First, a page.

• Moderate to severe alcohol usage is related with 1.2- to 1.5-fold higher risks of colon and rectum cancers compared to abstinence from alcohol.4,9,1

Numerous studies have investigated the relationship between alcohol use and the risk of developing various malignancies. For malignancies of the ovary, prostate, stomach, uterus and bladder, there were no studies that could establish a link with alcohol consumption (or the data was equivocal). However, emerging data suggests that alcohol intake is linked to elevated risks of melanoma, prostate, and pancreatic cancers.4,15

Additionally, alcohol ingestion may raise the occurance of second primary malignancies. For example, a meta-analysis of 19 studies revealed that among patients with cancer of the upper aerodigestive tract (UADT) which includes the oral cavity, pharynx, larynx, and oesophagus there was a 1.09-fold increased risk of a second primary UADT cancer for every 10 grammes of alcohol consumed per day before the first UADT cancer diagnosis.16 It  is less certain whether alcohol intake raises the incidence of second primary tumours at locations other than the breast.17,18,19

Resveratrol, a secondary plant component found in red wine grapes and other plants, has been studied for a variety of purported health benefits, including cancer prevention. Researchers have discovered no link between moderate red wine drinking and the chance of acquiring prostate cancer or colorectal cancer.20,21 However, any possible benefits of alcohol usage for lowering the risk of some malignancies are likely overshadowed by the negative effects of alcohol.

Alcohol affecting cancer risk 

Researchers have oberved  that alcohol may raise the risk of cancer in a number of ways:

  • Metabolising ethanol in alcoholic beverages to acetaldehyde, which is a harmful molecule and a possible human cancer causing agent (carcinogen), as it may damage both DNA and proteins.
  • Oxidation is the process of producing reactive oxygen species (chemically reactive molecules that contain oxygen), which may damage DNA, proteins, and lipids (fats) in the body.
  • Reducing the body's capacity to metabolise and absorb a range of nutrients that may be linked to cancer risk, including vitamin A, vitamin B complex minerals such as folate, vitamin C, vitamin D, vitamin E, and carotenoids.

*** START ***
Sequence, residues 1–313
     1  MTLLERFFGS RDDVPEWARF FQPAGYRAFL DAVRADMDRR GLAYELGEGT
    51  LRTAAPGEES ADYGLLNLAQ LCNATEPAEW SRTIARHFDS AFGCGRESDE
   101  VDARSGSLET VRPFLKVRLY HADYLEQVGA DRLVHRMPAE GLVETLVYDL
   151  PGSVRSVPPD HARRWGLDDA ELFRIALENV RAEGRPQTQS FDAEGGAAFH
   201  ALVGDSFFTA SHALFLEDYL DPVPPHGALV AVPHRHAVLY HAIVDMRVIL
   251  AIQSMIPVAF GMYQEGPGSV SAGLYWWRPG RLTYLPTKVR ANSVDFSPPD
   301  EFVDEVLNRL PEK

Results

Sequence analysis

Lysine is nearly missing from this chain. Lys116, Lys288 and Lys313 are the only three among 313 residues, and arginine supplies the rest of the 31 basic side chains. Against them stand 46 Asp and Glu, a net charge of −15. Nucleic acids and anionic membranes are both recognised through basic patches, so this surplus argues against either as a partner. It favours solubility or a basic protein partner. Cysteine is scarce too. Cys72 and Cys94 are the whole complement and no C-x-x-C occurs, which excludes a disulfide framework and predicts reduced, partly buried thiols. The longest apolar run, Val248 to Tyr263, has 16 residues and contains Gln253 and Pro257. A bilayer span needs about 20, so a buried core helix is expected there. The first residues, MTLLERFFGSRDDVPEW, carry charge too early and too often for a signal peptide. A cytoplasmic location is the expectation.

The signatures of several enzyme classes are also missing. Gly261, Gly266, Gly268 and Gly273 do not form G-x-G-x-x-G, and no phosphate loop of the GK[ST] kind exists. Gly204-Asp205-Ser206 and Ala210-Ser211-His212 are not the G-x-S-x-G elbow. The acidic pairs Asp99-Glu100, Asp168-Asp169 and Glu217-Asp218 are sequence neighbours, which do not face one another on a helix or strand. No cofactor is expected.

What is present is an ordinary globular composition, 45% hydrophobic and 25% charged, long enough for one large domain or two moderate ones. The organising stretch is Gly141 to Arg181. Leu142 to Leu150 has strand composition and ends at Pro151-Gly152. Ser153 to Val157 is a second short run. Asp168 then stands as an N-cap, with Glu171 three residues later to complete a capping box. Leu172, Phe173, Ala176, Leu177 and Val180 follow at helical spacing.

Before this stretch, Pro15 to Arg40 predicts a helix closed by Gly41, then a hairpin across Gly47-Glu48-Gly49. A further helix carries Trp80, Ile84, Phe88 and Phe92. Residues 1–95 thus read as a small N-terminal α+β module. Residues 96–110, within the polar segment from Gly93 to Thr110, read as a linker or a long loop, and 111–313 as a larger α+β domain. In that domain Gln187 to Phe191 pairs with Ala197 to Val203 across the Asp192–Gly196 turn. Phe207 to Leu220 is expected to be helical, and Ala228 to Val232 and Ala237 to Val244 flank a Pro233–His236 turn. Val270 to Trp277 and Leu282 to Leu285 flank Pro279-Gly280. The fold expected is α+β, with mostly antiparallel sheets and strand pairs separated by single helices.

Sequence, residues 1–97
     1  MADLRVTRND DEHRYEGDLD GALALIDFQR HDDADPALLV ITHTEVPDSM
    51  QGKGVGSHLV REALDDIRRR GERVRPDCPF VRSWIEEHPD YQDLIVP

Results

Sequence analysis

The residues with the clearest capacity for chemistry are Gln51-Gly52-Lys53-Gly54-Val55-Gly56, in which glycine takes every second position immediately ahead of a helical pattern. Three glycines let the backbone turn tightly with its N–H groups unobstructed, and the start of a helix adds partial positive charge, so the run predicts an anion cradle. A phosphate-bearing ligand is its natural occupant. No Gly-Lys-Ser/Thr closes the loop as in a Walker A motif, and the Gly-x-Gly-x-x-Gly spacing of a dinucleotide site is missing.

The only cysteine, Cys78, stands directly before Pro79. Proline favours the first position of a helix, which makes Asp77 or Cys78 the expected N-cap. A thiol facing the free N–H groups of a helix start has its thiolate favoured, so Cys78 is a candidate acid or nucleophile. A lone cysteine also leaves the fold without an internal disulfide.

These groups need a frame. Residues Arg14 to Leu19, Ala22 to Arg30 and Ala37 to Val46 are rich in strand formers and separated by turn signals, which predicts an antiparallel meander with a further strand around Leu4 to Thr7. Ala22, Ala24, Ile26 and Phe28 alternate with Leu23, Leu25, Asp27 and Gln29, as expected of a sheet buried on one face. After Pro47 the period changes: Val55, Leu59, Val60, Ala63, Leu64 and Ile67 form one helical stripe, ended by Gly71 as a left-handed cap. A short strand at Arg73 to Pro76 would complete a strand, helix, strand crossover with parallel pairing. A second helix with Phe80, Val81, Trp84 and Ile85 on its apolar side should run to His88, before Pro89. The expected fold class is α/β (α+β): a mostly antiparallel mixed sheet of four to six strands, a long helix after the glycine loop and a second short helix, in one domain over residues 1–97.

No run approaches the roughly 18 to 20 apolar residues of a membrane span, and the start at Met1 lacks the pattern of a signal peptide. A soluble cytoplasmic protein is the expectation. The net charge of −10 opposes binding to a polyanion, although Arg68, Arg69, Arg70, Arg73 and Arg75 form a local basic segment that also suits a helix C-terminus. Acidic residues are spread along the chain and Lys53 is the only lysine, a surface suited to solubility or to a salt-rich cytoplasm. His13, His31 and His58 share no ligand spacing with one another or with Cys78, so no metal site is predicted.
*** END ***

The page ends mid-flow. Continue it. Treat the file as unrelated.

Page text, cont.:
• Increasing blood levels of oestrogen, a sex hormone associated with breast cancer risk.

During fermentation and manufacturing, alcoholic drinks may also include a number of carcinogenic pollutants, such as nitrosamines, asbestos fibres, phenols, and hydrocarbons. The mechanisms by which alcohol use may reduce the risk of some malignancies are unknown and may be indirect.

Alcohol-related malignancies influenced by genes

Alcohol-related cancer risk is impacted by a person's genes, especially the genes that code for enzymes involved in metabolising alcohol.22 Alcohol dehydrogenase (ADH) enzme transforms ethanol to the carcinogenic metabolite acetaldehyde, mostly in the liver. Recent data reveals that acetaldehyde is also produced in the oral cavity and may be regulated by the oral flora.23,24

Numerous people of East Asian ancestry possess a variant of the ADH gene that codes for a "superlative" form of the enzyme. This extremely active ADH enzyme accelerates the transformation of alcohol (ethanol) into acetaldehyde, a toxin. Those of Japanese heritage with this form of ADH are more likely to develop pancreatic cancer than those with the more prevalent form of ADH.25

Aldehyde dehydrogenase 2 (ALDH2) is an enzyme that converts poisonous acetaldehyde into harmless compounds. Some individuals, particularly those of East Asian heritage, possess a variation of the ALDH2 gene that codes for a deficient enzyme. When alcohol is consumed by those who generate the faulty enzyme, acetaldehyde levels rise. The buildup of acetaldehyde produces such unpleasant symptoms including face flushing and heart palpitations that the majority of individuals who inherited the ALDH2 variation are unable to consume significant quantities of alcohol and hence have a low chance of getting alcohol-related malignancies.